Despite the summer with its long, languid days, The Telegraph reported on vampires last week. In an article entitled “Polish archaeologists unearth ‘vampire grave,’” Matthew Day narrates how archaeologists have uncovered skeletons buried with their heads—decapitated, obviously—on their legs. This was apparently a not uncommon medieval practice for ensuring that suspected vampires stayed safely in their graves. Interestingly enough, Day comments that the practice mainly began after the Christianization of the pagan cultures that had preceded them. Even pagans, he suggests, ran the risk of being accused of vampirism, a broadly defined threat in the Middle Ages. Of course, the Twilight series had not been written then so that the safe, Mormon cast of vampire was unknown.
Vampires represented a couple of concepts terrifying to people before the scientific revolution: they were a source of draining an individual of some life essence, and they were the problematic undead. The decapitation, in Tim Burton-Sleepy Hollow style, was intended to prevent the vampire from being able to locate its head after death. Unable to find the business end of its vampiristic corpus, the undead might remain just plain dead. Of course, staking works, if the tales of the Highgate vampire, near whose grave I recently stayed while in London, are to be believed.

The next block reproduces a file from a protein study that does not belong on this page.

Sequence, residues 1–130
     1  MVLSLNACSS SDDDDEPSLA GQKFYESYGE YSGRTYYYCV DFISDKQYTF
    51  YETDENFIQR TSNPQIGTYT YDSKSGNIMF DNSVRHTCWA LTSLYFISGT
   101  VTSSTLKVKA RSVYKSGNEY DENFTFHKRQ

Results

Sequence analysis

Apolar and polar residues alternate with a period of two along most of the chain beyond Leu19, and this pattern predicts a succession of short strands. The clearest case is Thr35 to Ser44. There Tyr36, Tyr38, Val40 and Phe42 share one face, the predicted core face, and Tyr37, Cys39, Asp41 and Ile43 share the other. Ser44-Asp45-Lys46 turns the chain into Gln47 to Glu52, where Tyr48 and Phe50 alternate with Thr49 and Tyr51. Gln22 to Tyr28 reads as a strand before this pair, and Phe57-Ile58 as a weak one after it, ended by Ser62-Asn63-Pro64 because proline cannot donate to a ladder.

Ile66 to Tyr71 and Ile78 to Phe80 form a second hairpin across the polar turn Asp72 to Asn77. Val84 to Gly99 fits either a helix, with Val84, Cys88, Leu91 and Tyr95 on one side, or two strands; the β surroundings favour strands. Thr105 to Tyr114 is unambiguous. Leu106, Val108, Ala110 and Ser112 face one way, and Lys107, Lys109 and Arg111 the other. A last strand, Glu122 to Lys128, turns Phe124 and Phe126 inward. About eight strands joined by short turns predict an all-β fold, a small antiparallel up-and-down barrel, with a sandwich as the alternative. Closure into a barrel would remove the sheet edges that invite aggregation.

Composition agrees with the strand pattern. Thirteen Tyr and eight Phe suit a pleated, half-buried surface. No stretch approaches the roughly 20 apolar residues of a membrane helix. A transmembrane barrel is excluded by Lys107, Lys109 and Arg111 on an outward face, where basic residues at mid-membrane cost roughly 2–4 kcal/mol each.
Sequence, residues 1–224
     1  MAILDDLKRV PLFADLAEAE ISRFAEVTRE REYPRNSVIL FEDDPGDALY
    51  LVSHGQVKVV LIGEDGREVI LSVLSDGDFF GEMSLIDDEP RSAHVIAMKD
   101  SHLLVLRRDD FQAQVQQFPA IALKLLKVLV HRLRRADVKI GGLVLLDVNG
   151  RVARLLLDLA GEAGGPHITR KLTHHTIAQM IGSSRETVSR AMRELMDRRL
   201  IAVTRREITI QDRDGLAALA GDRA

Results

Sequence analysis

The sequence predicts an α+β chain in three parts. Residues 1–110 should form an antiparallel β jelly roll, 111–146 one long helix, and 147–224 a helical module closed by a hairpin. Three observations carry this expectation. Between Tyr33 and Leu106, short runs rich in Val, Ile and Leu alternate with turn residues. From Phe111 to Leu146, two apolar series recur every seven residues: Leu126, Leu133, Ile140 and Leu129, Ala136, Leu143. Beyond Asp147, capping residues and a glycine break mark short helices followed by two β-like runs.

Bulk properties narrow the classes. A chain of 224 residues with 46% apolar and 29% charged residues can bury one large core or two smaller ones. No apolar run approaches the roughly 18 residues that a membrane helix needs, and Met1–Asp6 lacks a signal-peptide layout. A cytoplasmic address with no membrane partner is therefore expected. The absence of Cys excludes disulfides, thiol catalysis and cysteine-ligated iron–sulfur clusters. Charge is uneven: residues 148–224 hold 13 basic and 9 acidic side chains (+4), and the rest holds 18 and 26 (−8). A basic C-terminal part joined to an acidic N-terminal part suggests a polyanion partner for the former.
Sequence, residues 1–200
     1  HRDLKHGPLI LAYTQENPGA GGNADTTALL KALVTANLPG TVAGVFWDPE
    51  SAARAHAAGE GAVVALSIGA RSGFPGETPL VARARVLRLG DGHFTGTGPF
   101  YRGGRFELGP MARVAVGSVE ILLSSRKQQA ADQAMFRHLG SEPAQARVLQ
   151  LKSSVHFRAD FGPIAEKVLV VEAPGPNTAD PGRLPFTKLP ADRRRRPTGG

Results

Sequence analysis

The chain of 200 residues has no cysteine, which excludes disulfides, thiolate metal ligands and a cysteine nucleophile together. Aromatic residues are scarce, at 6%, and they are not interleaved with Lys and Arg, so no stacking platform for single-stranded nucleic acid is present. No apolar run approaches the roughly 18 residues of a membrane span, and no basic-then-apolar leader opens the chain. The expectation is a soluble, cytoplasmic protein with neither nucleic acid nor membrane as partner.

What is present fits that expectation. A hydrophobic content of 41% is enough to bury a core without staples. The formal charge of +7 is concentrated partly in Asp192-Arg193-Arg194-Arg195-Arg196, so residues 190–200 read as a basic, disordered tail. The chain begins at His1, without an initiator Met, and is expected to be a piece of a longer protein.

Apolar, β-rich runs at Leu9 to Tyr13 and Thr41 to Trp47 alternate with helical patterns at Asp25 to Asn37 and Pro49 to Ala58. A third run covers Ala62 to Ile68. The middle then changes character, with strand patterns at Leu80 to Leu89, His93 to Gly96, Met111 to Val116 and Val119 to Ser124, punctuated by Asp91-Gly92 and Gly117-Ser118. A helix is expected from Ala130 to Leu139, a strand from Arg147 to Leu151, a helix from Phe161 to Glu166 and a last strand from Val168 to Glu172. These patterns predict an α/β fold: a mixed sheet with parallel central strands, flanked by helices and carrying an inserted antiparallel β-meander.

The belief in vampires, or at least fascination with them, has been very hard to shake. One of the earliest horror films made was Nosferatu, a rip-off of Bram Stoker’s Dracula that was nearly obliterated because of copyright violations. Nosferatu continues to be ranked among the scariest of horror movies, and the Werner Herzog’s 1979 remake is a classic in its own right. The Shadow of the Vampire was an even more recent movie about the filming of the F. W. Murnau original. Among the earliest of the Universal monster movies was Tod Browning’s Dracula, which forever identified the face of Bela Lugosi with the infamous Count. No matter how deeply we bury them, the vampires keep coming back to stalk our nights and nightmares. When future archaeologists uncover the detritus of our civilization, no doubt they will conclude that we too, in a secularized world, feared the undead.